The residual ills of Louisiana’s failing education system are many, and for far too long, remedying the problem has been left on the shoulders of the criminal justice system.That was the message delivered by Dr. Pat Cooper, superintendent of the Lafayette Parish School System, who spoke Wednesday during the IND Monthly/IberiaBank Lecture Series.
Speaking to a packed house inside the Picard Early Learning Center, Cooper addressed what he considers the most pressing issue facing Lafayette — its public school system.
“The root of all good and the root of all evil is the public school system,” Cooper says.
Cooper should know. When he took the job as superintendent in January, he found himself in an under performing school system still controlled by the “good ole boy network.” Faced with an over-employed administrative office, a dwindling belief that all children can learn, and a system that allowed bad teachers to keep their jobs, it didn’t take long for Cooper to start stepping on some toes.
The main problem, Cooper says, is the 30 percent dropout rate in Lafayette Parish.
“Lafayette has the highest rate of incarceration in the state, Louisiana has the highest rate of incarceration in the country, and the U.S. has the highest incarceration rate in the world,” says Cooper, quoting Lafayette City Court Judge Francie Bouillion,
Cooper, referencing state Department of Public Safety and Corrections data, says between 1999 and 2009, the inmate population in Lafayette Parish jumped 47 percent, which cost the Sheriff’s Office’s Corrections Division more than $18 million in 2009 alone. The average annual cost of imprisonment for just one Lafayette inmate is $20,000, whereas the average annual cost to educate just on Lafayette child is only $9,000.
“If children don’t come to school ‘ready to learn’ and consequently don’t finish school, the public school system fails, and if the public school system fails, all of the other public systems are overloaded and fail,” argues Cooper. “The health care system fails, the mental health system fails, the corrections system fails. If the public systems fail, the drag on the economy is immense with less skilled workers, less productivity, higher unemployment, more crime, and higher taxes to pay for higher costs to run the already failing public systems.”
At the forefront of Cooper’s turn-around plan is a push to graduate 100 percent of the students to enter the system. He’s not even concerned about the fact that Lafayette’s state rating recently jumped from a C to a B. Cooper wants to make Lafayette’s public schools more like families, which he believes will mend the severed connection with the students.
“We’ve got to create families in the schools, because these children may not have families out there,” Cooper says.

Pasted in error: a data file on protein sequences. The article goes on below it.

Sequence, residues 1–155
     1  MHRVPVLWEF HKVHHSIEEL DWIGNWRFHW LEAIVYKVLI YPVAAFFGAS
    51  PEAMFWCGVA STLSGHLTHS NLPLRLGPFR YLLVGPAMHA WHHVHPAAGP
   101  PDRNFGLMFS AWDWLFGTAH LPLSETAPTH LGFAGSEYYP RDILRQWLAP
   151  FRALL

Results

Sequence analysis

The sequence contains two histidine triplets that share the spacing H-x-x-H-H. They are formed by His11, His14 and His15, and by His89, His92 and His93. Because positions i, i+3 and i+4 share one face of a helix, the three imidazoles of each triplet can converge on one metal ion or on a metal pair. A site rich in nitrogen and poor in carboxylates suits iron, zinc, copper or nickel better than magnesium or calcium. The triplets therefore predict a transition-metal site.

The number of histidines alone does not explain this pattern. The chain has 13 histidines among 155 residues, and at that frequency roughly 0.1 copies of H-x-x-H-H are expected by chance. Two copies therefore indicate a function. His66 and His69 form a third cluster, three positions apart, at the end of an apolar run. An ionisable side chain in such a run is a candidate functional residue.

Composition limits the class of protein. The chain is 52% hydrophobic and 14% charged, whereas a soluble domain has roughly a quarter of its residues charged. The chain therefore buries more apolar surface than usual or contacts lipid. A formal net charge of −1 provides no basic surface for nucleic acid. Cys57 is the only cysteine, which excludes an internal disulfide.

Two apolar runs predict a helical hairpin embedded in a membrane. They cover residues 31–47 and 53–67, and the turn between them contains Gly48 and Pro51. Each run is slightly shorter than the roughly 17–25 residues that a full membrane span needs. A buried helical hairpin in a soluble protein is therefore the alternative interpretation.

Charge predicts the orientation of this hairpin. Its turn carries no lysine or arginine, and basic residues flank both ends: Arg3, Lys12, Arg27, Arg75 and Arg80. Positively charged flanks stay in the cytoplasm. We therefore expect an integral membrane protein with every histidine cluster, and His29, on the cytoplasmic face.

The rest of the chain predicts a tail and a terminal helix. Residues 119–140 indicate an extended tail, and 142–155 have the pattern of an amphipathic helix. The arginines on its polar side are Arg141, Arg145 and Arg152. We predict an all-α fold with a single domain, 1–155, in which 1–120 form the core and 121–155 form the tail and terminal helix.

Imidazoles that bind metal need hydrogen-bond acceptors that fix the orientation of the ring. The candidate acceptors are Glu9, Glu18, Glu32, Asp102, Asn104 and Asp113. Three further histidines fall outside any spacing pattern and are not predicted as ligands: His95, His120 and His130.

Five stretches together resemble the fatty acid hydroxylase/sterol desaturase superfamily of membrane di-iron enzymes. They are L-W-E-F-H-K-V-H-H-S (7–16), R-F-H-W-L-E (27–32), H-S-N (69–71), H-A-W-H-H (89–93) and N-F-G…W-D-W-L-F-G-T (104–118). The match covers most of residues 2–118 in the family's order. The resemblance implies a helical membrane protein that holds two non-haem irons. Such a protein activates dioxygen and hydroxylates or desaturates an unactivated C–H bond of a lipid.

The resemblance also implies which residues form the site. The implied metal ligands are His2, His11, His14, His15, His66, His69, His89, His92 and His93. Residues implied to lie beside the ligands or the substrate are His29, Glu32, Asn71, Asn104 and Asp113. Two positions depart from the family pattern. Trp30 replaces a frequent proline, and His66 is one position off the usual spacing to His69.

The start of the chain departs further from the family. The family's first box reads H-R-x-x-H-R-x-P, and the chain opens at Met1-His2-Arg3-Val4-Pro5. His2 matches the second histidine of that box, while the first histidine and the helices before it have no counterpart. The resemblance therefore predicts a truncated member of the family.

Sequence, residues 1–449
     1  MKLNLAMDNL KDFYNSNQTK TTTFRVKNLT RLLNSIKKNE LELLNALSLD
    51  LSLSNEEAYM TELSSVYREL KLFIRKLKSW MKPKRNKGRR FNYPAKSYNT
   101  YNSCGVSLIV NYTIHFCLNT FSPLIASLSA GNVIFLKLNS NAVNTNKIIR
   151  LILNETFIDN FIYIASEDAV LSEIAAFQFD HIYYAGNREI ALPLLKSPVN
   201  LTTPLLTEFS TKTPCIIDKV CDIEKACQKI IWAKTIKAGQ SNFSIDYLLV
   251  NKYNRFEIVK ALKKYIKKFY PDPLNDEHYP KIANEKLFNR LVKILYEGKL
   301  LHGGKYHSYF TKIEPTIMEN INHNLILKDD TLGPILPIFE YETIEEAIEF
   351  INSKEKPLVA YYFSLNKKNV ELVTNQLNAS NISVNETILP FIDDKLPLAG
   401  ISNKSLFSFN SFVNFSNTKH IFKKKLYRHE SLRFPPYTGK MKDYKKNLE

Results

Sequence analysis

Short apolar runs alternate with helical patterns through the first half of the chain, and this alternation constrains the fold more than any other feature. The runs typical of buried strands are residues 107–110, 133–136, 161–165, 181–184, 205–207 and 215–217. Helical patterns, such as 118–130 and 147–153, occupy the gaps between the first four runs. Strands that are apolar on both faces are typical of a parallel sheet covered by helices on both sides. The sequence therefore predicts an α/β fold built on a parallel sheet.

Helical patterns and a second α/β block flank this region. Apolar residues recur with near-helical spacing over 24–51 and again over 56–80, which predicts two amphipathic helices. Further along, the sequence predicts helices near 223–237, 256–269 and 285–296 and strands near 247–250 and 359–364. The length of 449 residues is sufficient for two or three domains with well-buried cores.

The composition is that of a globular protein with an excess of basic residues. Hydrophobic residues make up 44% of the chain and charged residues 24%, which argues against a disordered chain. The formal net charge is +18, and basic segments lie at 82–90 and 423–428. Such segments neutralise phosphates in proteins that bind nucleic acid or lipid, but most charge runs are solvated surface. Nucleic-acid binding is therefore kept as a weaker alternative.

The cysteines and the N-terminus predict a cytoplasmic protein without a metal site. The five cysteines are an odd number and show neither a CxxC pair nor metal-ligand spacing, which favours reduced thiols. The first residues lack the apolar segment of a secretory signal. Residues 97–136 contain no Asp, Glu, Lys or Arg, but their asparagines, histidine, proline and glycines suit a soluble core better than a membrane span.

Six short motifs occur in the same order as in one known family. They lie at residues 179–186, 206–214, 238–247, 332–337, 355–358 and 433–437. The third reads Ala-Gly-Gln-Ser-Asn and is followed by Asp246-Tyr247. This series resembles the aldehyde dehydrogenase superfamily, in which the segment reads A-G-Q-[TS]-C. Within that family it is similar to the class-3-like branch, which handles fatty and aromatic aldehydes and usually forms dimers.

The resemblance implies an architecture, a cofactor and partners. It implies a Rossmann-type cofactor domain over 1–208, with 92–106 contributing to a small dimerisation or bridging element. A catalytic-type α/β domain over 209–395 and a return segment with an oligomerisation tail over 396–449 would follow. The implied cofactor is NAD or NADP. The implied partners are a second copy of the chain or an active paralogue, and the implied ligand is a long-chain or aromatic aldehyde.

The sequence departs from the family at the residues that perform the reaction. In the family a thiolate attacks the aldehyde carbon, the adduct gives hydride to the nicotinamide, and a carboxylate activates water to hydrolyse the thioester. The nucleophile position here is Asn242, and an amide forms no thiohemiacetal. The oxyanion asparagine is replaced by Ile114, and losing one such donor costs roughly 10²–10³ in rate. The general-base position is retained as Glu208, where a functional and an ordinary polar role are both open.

One upcoming endeavor, which Cooper says may sound revolutionary to some, will be the start of a Teen Pregnancy Program at Northside High School. Northside also will soon offer medical, dental and mental health care services to students and parents. There are even plans to open a child care center for teen mothers and teachers, says Cooper.
To prove his plan works, Cooper points to a similar program used during his time as superintendent of the McComb School System in Mississippi.
In 1997, only 11 percent of the McComb system’s students had a reading level on par with their grade. By 2003, that figure jumped to 90 percent of the students. Juvenile arrests also were impacted during that period, going from about 350 in 1998 to less than 100 in 2005. Likewise, the system’s graduation rates went from a little more than 75 percent in 1997 to about 98 percent in 2006.
“No more mediocrity,” Cooper promises. “No longer will we just move around bad teachers from school to school.”
Cooper says his plan of change is about 20 percent complete, and adds support will be critical, from both the school board and from the community.
Getting Lafayette’s school system where it needs to be is going to cost a little more than $48 million, $30 million of which will come from a state issued bond. Covering the remaining $18 million will be up to both the school board and the people of Lafayette, the superintendent says.
Lafayette School Board President Shelton Cobb echoed Cooper, saying the success of Lafayette schools will hinge on community support.
“We had schools low performing for too long and that is something we can no longer tolerate,” says Cobb.
Among the hundreds who attended Wednesday’s lecture was Ron Cormier, superintendent of instruction for the Iberia Parish School System.
“I’m here out of curiosity,” Cormier says. “Just to look at our neighboring parishes and see what they're doing, because we’re all facing similar challenges. It’s going to take talking across parish lines to solve the issues I think we face throughout the Acadiana community.”
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